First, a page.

The Courier (7/3/12)
Going to The Sage makes one feel cultured; its two meandering amphitheatres are reminiscent of the Guggenheims’ architecture and it offers some of the most elegant views of the Tyne by night. Moreover, to see England’s foremost folk maiden, Laura Marling, perform here is a real treat. Tonight she is no maiden though, but a woman who has grown in confidence and bears the stories of someone twice her age.
Set-opener, ‘I Was Just A Card’, immediately boasts Marling’s ability to sway effortlessly between vocal keys; holding the polite and breathless crowd in utter awe. Her band, lingering upstage, gently support her melodies with burgeoning horns, jazzy snare shuffles and warm strums. It’s not until ‘Salinas’ that the Marling/band combination becomes truly comfortable, where the grassy banjo, celestial harmonies and yearning cello strings move to the rhythm of Marling’s earnest vocals.
Delving deeper into her back catalogue, Marling pulled out old crowd favourite, ‘Ghosts.’ The acoustics glistened in the wooden theatre, with crisp piano notes and a full band harmony bouncing around the audience. The girl who never once lifted her angelic head in her early performances now throws it up to the beam of the spotlight, as if to face her personal and religious dichotomies full on. Agnosticism is a recurrent theme in her debut album, and now she stands, feet a foot or so apart, ready to show the world that she’s worked herself out.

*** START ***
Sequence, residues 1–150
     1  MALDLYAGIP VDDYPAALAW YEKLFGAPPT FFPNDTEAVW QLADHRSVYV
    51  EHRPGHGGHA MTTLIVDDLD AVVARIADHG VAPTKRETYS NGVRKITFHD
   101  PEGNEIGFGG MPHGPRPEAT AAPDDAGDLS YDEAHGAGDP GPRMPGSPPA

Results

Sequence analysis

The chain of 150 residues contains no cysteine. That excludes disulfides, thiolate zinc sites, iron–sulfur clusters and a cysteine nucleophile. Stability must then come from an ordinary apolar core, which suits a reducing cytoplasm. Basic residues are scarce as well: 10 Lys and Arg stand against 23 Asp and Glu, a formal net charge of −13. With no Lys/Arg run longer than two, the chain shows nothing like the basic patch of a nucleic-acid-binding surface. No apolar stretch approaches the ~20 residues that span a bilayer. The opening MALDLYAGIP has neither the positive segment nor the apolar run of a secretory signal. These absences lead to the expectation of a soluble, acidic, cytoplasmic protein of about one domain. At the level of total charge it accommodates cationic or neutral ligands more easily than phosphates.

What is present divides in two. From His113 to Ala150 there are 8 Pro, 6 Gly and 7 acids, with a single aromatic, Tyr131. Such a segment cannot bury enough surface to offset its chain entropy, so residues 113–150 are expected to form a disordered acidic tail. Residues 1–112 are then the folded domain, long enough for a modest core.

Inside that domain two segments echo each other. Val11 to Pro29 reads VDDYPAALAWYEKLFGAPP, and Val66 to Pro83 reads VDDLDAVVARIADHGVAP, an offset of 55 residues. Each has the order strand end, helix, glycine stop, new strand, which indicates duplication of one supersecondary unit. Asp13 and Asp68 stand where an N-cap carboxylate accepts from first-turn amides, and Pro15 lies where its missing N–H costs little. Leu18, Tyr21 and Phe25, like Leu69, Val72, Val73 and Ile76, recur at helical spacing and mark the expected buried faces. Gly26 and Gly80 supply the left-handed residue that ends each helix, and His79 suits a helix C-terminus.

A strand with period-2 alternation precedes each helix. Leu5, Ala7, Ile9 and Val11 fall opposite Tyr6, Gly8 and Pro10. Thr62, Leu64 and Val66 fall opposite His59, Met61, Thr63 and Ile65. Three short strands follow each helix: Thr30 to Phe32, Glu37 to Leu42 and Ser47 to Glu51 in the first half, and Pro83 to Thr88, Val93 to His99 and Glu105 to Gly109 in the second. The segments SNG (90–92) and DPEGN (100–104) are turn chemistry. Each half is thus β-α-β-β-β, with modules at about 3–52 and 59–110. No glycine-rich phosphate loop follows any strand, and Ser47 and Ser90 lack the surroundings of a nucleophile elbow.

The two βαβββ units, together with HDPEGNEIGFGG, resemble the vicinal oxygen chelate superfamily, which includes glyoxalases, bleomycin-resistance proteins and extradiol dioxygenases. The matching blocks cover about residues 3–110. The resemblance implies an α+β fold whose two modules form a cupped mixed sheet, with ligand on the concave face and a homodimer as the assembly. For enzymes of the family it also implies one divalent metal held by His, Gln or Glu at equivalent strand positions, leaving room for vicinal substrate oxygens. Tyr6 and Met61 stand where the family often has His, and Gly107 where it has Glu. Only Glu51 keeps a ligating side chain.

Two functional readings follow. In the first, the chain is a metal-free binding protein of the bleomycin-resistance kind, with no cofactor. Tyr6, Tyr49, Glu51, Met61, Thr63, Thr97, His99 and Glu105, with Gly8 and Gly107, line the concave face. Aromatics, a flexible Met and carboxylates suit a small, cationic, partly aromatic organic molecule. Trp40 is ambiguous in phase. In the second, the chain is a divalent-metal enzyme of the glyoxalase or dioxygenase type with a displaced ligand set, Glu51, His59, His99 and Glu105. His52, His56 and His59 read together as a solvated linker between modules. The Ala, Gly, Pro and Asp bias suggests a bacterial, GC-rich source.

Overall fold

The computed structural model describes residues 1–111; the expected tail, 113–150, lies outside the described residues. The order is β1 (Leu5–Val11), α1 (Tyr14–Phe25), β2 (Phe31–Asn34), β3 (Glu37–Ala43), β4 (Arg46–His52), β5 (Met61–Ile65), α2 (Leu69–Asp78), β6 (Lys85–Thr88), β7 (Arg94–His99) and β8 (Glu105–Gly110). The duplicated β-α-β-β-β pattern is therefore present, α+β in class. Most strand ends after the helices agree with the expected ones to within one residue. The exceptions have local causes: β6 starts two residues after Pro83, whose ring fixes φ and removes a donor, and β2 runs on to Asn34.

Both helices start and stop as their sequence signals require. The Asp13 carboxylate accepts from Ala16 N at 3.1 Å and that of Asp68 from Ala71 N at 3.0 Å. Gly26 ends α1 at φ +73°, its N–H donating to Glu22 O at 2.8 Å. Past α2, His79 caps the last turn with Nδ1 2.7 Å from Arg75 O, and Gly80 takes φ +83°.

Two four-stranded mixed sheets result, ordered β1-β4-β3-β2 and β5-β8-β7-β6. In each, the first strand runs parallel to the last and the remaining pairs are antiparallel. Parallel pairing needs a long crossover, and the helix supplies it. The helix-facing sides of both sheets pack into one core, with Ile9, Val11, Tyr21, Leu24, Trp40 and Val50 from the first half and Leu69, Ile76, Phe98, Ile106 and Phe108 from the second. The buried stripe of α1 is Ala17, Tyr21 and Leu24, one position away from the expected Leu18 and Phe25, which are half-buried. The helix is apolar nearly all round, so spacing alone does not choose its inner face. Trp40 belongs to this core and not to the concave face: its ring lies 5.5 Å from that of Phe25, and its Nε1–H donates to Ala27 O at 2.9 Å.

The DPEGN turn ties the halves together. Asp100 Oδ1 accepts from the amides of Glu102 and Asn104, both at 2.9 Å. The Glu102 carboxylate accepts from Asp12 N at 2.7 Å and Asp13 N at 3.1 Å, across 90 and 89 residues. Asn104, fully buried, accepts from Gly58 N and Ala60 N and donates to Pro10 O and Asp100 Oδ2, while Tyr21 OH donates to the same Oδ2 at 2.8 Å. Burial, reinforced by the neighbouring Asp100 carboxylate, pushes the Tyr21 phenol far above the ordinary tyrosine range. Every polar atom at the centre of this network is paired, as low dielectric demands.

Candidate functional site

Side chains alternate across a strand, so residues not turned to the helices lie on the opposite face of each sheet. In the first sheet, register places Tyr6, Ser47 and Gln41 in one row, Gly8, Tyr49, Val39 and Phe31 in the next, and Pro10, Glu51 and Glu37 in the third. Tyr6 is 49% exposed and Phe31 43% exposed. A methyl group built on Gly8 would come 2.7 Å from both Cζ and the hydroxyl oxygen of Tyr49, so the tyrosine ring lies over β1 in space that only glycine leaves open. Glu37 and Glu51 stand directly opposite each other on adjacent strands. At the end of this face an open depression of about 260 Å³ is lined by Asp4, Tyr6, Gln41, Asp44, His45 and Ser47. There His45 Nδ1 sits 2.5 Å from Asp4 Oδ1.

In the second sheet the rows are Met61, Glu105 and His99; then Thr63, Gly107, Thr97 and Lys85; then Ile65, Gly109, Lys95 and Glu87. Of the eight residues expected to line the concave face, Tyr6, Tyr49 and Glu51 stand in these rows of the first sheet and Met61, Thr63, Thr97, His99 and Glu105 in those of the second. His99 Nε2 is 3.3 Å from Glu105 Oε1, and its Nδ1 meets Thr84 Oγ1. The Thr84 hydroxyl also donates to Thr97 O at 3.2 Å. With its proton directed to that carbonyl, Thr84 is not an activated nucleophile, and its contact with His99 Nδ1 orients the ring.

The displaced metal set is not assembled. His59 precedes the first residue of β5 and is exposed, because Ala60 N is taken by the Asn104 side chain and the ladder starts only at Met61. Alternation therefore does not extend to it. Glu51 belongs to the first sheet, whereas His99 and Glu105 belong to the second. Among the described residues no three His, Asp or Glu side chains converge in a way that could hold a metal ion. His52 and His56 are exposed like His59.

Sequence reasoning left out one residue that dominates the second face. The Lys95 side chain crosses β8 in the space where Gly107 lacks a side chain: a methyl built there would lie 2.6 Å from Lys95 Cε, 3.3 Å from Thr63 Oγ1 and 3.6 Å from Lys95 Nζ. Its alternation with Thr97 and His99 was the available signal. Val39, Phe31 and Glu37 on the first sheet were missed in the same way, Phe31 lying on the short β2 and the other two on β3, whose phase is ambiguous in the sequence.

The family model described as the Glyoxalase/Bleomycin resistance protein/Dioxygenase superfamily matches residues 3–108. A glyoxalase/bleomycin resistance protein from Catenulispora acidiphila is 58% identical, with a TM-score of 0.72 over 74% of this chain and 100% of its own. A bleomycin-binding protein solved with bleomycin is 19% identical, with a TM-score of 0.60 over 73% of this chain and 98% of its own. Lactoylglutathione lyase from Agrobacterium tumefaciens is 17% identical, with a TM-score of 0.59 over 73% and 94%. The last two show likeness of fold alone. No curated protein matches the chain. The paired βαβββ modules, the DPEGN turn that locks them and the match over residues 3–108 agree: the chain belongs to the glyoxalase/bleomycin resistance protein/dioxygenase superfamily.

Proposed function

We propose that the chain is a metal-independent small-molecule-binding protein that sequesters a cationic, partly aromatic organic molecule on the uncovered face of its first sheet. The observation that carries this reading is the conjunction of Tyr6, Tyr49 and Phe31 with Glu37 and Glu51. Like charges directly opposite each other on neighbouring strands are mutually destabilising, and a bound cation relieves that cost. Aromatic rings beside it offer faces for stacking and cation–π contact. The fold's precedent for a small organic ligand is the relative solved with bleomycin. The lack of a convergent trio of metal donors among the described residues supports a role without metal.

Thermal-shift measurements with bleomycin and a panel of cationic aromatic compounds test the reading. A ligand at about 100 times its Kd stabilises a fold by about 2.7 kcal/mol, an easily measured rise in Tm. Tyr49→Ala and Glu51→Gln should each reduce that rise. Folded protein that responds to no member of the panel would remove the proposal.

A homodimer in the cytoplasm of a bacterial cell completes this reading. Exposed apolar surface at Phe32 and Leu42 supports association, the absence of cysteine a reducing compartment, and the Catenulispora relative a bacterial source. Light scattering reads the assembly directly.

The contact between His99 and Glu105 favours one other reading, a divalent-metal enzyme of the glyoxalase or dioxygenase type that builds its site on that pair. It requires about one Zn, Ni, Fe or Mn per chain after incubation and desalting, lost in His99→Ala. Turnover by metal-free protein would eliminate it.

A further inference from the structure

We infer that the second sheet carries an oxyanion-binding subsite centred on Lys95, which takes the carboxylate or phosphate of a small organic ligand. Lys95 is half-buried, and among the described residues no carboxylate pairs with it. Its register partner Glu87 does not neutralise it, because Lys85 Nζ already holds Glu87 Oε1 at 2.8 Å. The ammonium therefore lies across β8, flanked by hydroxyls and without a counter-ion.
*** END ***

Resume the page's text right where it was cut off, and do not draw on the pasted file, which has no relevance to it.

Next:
The most mesmerising moments are when the band allows Marling’s solo performances of ‘Goodbye England’ and rarities, ‘Pray For Me’ and ‘Flicker and Fail’. ‘Goodbye England’s’ guitar melody is delicately picked by Marling, full of its gorgeous glottal stops, her head tilted to the side as if recalling the romance of that winter’s day.
Where ‘Sophia’ never quite reaches its peak, ‘Rambling Man’ and ‘I Speak Because I Can’ compensate by sounding astonishing live. The former sees instruments chatter and roll beneath Marling & co’s earthy harmonies and the latter radiates every last morsel of energy; Marling lists off her regrets, never missing a note, nor a feeling, nor an opportunity to completely envelop you in her world. A truly unforgettable performance overall.